While there are reasons to be both hopeful and skeptical of this initiative, the corporate commitments should not be disregarded. However, it is worth noting that some of these pledges are not entirely new, as companies like BP have previously declared their commitment to achieving net-zero carbon emissions by 2050. Despite the public nature of these pledges, there is currently limited accountability, aside from the risk of disappointing the pope.
Addressing Wealth Inequality: A Call for Personal Examples
Although it is commendable that these individuals strive to make the world a better place, an irony cannot be ignored. The same leaders who advocate for an end to wealth and income inequality are themselves extraordinarily wealthy. Naturally, these leaders appreciate the benefits of capitalism, as it has greatly contributed to their own wealth accumulation.
For instance, according to Forbes, Marc Benioff, the CEO of Salesforce, possesses a net worth of nearly $90 billion. William Lauder, the executive chairman of Estée Lauder, boasts a net worth of $3.5 billion. Moreover, Lady Lynn Forester de Rothschild, founder and managing partner of Inclusive Capital Partners, is not only wealthy in her own right but also married to Sir Evelyn De Rothschild, an esteemed figure from one of the world’s wealthiest family dynasties, with an estimated net worth of $20 billion.
Similarly, the CEOs mentioned earlier, such as Ajay Banga and Brian Moynihan, have amassed significant personal fortunes. While their compensation packages are substantial, their wealth extends far beyond salary figures, including stock ownership and other assets.
Leading by Example: A Personal Commitment
To truly address wealth inequality, the wealthy elites could begin by setting an example in their own lives. Rather than relying solely on corporate actions, these executives have the means to make personal financial contributions without seeking tax benefits. While corporate initiatives may be supported indirectly by shareholders, the personal generosity of these leaders would carry significant weight.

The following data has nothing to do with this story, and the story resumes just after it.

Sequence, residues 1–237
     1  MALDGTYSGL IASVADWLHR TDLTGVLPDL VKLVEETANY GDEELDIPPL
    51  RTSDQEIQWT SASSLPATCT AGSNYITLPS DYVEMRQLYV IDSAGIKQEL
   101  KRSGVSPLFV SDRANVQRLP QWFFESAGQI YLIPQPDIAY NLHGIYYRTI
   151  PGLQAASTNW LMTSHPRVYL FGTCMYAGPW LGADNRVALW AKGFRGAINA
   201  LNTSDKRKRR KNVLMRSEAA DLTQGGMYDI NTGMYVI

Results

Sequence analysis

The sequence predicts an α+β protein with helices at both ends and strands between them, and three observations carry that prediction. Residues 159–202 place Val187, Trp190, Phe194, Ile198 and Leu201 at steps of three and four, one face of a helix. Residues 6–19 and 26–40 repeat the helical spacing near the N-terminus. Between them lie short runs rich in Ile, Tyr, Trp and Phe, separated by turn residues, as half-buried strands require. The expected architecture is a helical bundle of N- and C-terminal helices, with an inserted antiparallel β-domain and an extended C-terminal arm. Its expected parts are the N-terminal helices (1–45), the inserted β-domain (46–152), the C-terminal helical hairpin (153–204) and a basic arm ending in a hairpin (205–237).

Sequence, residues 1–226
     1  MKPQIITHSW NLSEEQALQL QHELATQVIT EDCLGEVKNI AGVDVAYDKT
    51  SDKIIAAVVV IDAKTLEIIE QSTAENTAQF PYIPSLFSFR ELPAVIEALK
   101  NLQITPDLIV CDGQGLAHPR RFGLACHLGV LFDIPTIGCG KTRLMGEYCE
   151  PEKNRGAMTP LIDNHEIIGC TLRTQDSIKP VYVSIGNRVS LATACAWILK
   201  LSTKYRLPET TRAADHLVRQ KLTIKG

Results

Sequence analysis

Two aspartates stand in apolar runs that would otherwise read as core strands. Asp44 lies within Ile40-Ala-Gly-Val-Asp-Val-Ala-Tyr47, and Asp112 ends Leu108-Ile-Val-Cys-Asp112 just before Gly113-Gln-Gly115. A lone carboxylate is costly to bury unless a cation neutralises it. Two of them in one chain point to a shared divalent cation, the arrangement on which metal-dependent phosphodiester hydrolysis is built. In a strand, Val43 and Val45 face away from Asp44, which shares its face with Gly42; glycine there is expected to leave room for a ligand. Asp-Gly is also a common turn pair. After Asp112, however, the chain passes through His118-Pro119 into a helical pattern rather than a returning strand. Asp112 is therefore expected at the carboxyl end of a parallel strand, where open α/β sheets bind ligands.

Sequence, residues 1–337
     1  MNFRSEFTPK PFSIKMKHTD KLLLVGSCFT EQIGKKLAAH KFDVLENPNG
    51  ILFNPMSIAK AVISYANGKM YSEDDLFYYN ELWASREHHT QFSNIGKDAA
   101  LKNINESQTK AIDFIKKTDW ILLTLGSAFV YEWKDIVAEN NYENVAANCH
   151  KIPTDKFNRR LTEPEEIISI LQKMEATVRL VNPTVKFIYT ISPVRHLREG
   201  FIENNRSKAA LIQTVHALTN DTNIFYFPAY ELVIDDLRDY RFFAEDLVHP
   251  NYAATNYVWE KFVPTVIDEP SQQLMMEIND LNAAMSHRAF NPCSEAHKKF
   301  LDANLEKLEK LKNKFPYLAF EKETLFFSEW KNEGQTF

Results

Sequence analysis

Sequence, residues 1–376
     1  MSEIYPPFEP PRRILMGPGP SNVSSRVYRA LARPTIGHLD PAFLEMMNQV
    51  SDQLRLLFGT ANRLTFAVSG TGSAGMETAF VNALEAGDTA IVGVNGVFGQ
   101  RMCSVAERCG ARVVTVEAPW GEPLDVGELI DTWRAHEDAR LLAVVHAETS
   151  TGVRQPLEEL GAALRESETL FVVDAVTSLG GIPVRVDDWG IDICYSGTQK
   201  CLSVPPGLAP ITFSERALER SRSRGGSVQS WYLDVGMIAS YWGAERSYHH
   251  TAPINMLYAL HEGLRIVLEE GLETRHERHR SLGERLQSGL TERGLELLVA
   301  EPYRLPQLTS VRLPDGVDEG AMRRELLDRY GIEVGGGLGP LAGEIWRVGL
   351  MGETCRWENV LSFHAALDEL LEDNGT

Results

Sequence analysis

Moreover, these CEOs possess the power to improve the lives of their employees directly. They can willingly accept reduced compensation, forego stock options and excessive bonuses, and redirect those resources toward enhancing employee benefits. By offering employees equity through stock options and providing improved health insurance, additional vacation days, flexible work schedules, pensions, mental health resources, and extended parental leave, the titans of industry can lead the way towards a fairer society.
The Power of Peer Pressure: Influencing Industry Leaders
As Guardians of inclusive capitalism, these business leaders can exert peer pressure on their fellow CEOs across various industries. They can encourage figures like Jeff Bezos of Amazon, Mark Zuckerberg of Facebook, Tim Cook of Apple, Sundar Pichai of Google, and others to consider redistributing their accumulated fortunes amassed during the Covid-19 pandemic to support this initiative. Such collective action would undoubtedly make a significant impact on addressing societal challenges.
The Risk of Virtue Signaling: A Critical Outlook
While this partnership between the council and business leaders holds promise, there remains a concern that it may serve primarily as a public relations opportunity for these executives. They may revel in the positive media attention, projecting an image of care and benevolence. To assess the actual progress made, a follow-up report will be provided in the coming year.